We hope you enjoyed the long weekend, or for you parents and educators amongst us – we hope you are enjoying mid-winter break. Now that you are done cringing over replays of Fergie’s rendition of the National Anthem, let’s turn your attention to something of a brighter note – the very encouraging earnings reports being seen this quarter on Wall Street.
As of this writing, 341 (68%) of the S&P 500 companies have reported results so far, and the results are very encouraging. Total earnings are up 14.7% from the same period last year on 9.3% higher revenues. Nearly 80% of those companies have exceeded earnings per share (EPS) estimates, and 77% have exceeded revenue estimates. These are historically solid results. Additionally, the proportion of companies beating both EPS and revenue estimates is 64%.
Looking ahead, if we combine the actual results from the 341 index members that have already reported with estimates from the still-to-report 164 companies, total earnings are expected to be up 14.1% from the same period last year on 8.2% higher revenues. This would follow 6.7% earnings growth in Q3 2017 on 5.8% revenue growth. If the rest of Q4 comes through as currently expected, Q4 would represent the highest quarterly growth rate in years. Further cheering the markets, earnings estimates for the current quarter continue to rise meaningfully.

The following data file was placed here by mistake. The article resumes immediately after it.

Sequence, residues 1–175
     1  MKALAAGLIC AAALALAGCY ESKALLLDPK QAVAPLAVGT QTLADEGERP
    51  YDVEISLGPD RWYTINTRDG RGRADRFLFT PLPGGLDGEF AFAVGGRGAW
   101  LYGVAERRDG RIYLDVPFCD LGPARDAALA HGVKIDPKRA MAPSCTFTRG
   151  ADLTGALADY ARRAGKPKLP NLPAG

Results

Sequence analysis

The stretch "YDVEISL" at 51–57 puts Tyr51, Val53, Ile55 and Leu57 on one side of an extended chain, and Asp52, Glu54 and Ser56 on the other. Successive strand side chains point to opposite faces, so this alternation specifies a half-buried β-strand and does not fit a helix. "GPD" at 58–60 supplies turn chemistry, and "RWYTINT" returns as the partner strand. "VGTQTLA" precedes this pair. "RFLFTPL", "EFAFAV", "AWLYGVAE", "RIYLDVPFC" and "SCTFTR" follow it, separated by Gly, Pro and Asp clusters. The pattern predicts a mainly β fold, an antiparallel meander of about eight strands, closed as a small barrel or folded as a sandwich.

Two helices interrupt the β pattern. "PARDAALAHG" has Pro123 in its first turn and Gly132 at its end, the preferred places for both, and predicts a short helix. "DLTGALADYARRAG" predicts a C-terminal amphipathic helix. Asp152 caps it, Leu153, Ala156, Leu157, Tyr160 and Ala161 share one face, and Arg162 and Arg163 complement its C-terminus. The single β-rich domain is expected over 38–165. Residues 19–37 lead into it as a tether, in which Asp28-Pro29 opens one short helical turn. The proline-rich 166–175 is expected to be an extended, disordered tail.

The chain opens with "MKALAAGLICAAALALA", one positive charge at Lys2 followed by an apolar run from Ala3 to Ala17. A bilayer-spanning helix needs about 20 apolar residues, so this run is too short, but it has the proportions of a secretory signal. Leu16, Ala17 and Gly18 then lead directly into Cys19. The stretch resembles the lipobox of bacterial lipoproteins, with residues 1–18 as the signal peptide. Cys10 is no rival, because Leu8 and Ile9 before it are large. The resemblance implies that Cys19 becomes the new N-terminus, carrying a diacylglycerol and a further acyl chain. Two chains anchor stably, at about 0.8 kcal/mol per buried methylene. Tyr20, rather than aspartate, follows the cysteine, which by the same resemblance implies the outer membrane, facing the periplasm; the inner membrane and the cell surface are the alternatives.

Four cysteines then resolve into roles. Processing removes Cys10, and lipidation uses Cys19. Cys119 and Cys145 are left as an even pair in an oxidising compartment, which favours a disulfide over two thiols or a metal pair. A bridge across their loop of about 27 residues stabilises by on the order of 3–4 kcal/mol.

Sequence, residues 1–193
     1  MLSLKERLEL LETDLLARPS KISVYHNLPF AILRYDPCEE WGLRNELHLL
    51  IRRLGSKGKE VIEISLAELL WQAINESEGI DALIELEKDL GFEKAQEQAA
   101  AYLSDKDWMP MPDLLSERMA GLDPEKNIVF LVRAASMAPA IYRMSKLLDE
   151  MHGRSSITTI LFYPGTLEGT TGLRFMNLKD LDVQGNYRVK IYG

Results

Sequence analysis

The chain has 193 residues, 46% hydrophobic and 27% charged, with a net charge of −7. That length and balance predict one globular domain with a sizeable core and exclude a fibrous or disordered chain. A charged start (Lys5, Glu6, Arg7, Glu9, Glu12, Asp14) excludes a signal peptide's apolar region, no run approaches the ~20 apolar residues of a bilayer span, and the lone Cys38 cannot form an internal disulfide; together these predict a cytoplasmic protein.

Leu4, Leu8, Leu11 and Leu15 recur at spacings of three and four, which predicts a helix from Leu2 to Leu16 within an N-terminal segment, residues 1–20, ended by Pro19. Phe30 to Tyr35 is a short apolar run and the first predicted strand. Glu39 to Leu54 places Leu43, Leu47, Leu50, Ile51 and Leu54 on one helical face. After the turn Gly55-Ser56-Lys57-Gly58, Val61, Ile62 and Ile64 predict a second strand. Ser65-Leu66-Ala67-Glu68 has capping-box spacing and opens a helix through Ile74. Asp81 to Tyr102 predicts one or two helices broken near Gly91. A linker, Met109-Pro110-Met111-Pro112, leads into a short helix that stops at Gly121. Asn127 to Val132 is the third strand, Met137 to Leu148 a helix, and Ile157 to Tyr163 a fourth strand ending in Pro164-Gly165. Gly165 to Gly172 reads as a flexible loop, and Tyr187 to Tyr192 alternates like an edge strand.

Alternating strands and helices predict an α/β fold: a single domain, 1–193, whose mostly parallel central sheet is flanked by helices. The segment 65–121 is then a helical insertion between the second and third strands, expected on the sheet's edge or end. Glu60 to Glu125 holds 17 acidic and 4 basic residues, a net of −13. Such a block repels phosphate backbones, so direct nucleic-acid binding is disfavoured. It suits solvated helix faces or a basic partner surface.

It appears that the recent market selloff was mostly technical in nature, arising from automated sell strategies linked to algorithmic trading. These strategies have attracted a considerable amount of new assets over the last decade or so, and when sell signals are triggered so abruptly it can lead to a liquidity squeeze on the other side of the trade. The fundamental economic and earnings data that ultimately matters most did not change over the last few weeks, and earnings have been coming in strong relative to past periods and expectations.
We will continue to monitor the leading economic data for signs of a slowdown, but for the time being we believe the economic coast is clear. Per previous MPCA commentary, markets were due for a return to normal volatility after the extraordinary calm of the past couple of years. As always, if and when the facts on the ground begin to shift in a negative direction, we will temper portfolio risk accordingly.